# What are the steps to the approximation for this falling pendulum problem?

I am trying to understand the math here. How long would it take for an upright rigid body to fall to the ground? But I am lacking in some basic mathematical concept/techniques.

In several answers, an estimate is given that the angular acceleration can be approximated as

$$\ddot{\theta}=\dfrac{g}{h}\theta \tag{1}$$

Which can be approximated as

$$t=\sqrt{\dfrac{h}{g}} \ln\left(\dfrac{\theta}{\theta_0}\right) \tag{2}$$

Could someone kindly explain the steps/method to go from equation 1 to equation 2?

• Are you asking how long it takes once the "fall" begins? Because in classical mechanics, the rigid body will never leave its upright position until disturbed. There's a standard "gedanken" in introductory quantum mech that asks for the Heisenberg-based probability of the object remaining upright for X amount of time. Aug 31, 2022 at 14:10
• The solution of equation (1) is $\theta=\theta_0\,e^{ \sqrt{\frac g h}\,t}$ solve this equation for t you obtain Eq. (2)
– Eli
Sep 2, 2022 at 17:03
• Thanks @Eli Basically I am trying to understand how to get that $\theta_{t} =\theta_{0}e^{\sqrt{\frac{g}h}t}$. Sorry for my question was not very clear. Anyway after more studying on how to solve homogenous ODE, and running some simulated values I conclude that the answer to that linked question may not be accurate. The solution for $\theta_{t}$, I believe, should be $$\theta_{t} =\frac{\theta_{0}}2e^{\sqrt{\frac{g}h}t} + \frac{\theta_{0}}2e^{-\sqrt{\frac{g}h}t}$$ Sep 4, 2022 at 3:21

This is not a complete solution but may help you analyse it.

My assumption is that you have a rigid body on the point of toppling and you want to know when it will have rotated 90 deg to hit the surface.

Torque (or moment) and Moment of Inertia (MOI, or Second moment of mass) are kind of analogous with force and mass and we have the relationship

Torque = I x Alpha

where I is the MOI and Alpha is angular acceleration. MOI is highly dependant on the geometry of the object, and needs to be calculated 'about the pivot point'.

So to get to an expression for theta you need to integrate twice from the expression for Alpha

Now the torque is not constant. If the centre of mass (m) is at height h then the torque is equal to (h cos theta x m x g)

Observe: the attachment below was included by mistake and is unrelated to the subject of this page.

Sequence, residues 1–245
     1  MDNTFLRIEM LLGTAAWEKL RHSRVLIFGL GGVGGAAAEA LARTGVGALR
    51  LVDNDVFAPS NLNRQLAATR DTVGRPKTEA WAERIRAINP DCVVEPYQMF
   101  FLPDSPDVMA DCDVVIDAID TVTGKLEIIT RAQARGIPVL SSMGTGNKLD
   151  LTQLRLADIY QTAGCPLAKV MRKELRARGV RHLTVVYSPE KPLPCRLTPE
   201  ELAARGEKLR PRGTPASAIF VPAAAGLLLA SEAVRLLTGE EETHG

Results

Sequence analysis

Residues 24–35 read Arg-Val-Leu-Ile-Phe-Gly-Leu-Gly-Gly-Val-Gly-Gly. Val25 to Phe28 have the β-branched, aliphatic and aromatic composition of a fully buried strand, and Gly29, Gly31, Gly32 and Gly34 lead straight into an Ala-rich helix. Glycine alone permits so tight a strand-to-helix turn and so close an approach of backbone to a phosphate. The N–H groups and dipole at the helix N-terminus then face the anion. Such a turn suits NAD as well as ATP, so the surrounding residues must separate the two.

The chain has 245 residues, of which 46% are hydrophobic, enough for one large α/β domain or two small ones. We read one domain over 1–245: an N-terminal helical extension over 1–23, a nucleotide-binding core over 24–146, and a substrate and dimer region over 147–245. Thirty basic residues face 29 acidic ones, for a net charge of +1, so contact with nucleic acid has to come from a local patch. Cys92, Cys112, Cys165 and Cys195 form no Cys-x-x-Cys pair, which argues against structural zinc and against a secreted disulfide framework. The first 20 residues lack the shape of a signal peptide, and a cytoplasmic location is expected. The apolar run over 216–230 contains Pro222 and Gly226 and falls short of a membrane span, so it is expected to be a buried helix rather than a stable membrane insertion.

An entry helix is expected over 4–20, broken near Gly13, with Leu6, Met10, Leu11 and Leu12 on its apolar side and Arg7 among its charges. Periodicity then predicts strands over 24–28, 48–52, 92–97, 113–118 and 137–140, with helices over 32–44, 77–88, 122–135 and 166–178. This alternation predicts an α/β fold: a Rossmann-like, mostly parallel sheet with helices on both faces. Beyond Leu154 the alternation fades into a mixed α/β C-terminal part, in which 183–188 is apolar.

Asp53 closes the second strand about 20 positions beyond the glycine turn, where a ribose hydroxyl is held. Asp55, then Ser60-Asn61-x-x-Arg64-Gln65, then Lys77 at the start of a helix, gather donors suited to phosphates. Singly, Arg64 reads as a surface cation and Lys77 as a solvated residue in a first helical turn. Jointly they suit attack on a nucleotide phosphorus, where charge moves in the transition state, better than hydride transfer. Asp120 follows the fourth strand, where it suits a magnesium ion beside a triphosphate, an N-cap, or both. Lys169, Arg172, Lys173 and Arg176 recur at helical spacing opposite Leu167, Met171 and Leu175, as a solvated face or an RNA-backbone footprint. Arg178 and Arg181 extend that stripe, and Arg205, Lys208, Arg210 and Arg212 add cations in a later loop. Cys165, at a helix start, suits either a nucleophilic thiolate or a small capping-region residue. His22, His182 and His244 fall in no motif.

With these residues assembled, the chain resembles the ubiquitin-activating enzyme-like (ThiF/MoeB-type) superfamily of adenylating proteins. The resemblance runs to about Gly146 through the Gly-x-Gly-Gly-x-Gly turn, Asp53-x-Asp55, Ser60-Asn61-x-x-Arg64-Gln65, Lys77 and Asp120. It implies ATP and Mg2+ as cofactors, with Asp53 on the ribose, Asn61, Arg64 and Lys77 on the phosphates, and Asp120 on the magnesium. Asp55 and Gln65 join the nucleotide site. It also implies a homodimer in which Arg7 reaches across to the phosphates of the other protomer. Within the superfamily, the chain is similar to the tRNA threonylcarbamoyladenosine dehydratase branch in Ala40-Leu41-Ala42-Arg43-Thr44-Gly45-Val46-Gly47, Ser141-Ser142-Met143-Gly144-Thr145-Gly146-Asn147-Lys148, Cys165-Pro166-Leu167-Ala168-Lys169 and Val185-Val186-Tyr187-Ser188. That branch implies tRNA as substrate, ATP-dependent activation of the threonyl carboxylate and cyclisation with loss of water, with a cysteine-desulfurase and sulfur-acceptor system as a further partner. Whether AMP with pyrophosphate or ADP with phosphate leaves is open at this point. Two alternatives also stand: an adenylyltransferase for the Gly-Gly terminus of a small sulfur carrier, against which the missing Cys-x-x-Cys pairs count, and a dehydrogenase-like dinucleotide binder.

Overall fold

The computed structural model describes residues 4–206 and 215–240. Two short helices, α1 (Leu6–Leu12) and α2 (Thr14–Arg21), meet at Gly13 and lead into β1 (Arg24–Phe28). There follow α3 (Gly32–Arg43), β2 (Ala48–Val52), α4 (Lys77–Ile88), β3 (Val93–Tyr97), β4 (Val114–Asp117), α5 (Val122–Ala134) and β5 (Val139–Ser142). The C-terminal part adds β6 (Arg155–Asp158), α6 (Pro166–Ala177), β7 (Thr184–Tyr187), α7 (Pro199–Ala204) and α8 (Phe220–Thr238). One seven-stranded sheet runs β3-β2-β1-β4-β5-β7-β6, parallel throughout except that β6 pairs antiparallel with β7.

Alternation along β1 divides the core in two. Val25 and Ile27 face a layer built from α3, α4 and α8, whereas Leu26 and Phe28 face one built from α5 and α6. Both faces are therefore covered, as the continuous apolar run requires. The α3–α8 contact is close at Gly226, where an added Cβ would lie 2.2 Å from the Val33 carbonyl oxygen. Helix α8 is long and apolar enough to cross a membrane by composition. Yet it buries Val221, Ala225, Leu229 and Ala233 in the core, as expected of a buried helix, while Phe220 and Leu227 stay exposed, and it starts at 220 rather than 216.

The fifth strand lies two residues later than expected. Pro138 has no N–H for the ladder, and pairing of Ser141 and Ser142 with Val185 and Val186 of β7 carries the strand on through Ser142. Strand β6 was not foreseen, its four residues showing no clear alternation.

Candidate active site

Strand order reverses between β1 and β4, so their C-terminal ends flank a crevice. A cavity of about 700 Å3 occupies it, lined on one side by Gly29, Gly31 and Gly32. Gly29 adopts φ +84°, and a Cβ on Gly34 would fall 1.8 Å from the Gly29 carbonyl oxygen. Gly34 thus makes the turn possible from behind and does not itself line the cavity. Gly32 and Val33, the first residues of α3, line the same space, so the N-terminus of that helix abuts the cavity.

Once you have the expression for Theta in terms of h, m, and I, then solve for theta = 90 deg.

Due to my poorly written question, I unfortunately did not get a satisfactory answer. After much studying and some experiments, my own solution differs from the linked question's solution. Here is my solution.

Given the equation, find $$t$$, the time it takes to go from $$\theta_0$$ to $$\theta_t$$, with intial condition $$\theta'_0 = 0$$ $$\theta''=\frac{g}hθ\tag{1}$$

Part 1 solve the differential equation

substitute $$\theta=e^{rt}, \theta''=r^2e^{rt},$$ and get $$r^2e^{rt}=\frac{g}he^{rt}$$ $$\Rightarrow r=\sqrt{\frac{g}h}$$

solution for $$\theta$$ $$\theta_t = C_{1}e^{rt} + C_{2}e^{-rt} \tag{1a}$$ differentiate both sides $$\theta'_t = rC_{1}e^{rt} - rC_{2}e^{-rt}\tag{1b}$$

solve $$(1a)$$ and $$(1b)$$ using intial value $$\theta'_0 = 0$$, $$C1 = C2 = \frac{\theta_0}2$$

The solution for the differential equation is $$\theta_t=\frac{\theta_0}{2}(e^{\sqrt{\frac{g}h}t} + e^{-\sqrt{\frac{g}h}t})\tag{1c}$$

Part 2, solve for t

For larger values of $$t$$, the $$e^{-rt}$$ term has a much smaller contribution to the sum. $$\theta_t\approx\frac{\theta_0}{2}e^{\sqrt{\frac{g}h}t}$$ $$t\approx\sqrt{\frac{h}g}ln|\frac{2\theta_t}{\theta_0}|\tag{2a}$$

However, if $$\sqrt{\frac{h}g}t$$ is small, the $$e^{-rt}$$ term cannot be ignored. One way to approximate, is to use the first few terms of the Taylor series of the exponential function. $$e^x=1 + \frac{x}{1!} + \frac{x^2}{2!} + \frac{x^3}{3!} + \frac{x^4}{4!} + ...$$ then $$e^x + e^{-x}=2(1 + \frac{x^2}{2!} + \frac{x^4}{4!} + ...)$$ $$\Rightarrow e^x + e^{-x}\approx2(1 + \frac{x^2}{2!} + \frac{x^4}{4!})\tag{2b}$$

let $$y=x^2=(\sqrt{\frac{g}h}t)^2\tag{2c}$$ subsitute $$(2b)$$ and $$(2c)$$ into $$(1c)$$ $$\theta_t\approx\theta_0(1 + \frac{y}{2!} + \frac{y^2}{4!})$$ $$\frac{\theta_0}{4!}y^2 + \frac{\theta_0}{2!}y + (\theta_0-\theta_t) = 0\tag{2d}$$

solve for $$y$$ using quadratic formula, and finally $$t=\sqrt{\frac{h}g}\sqrt{y}$$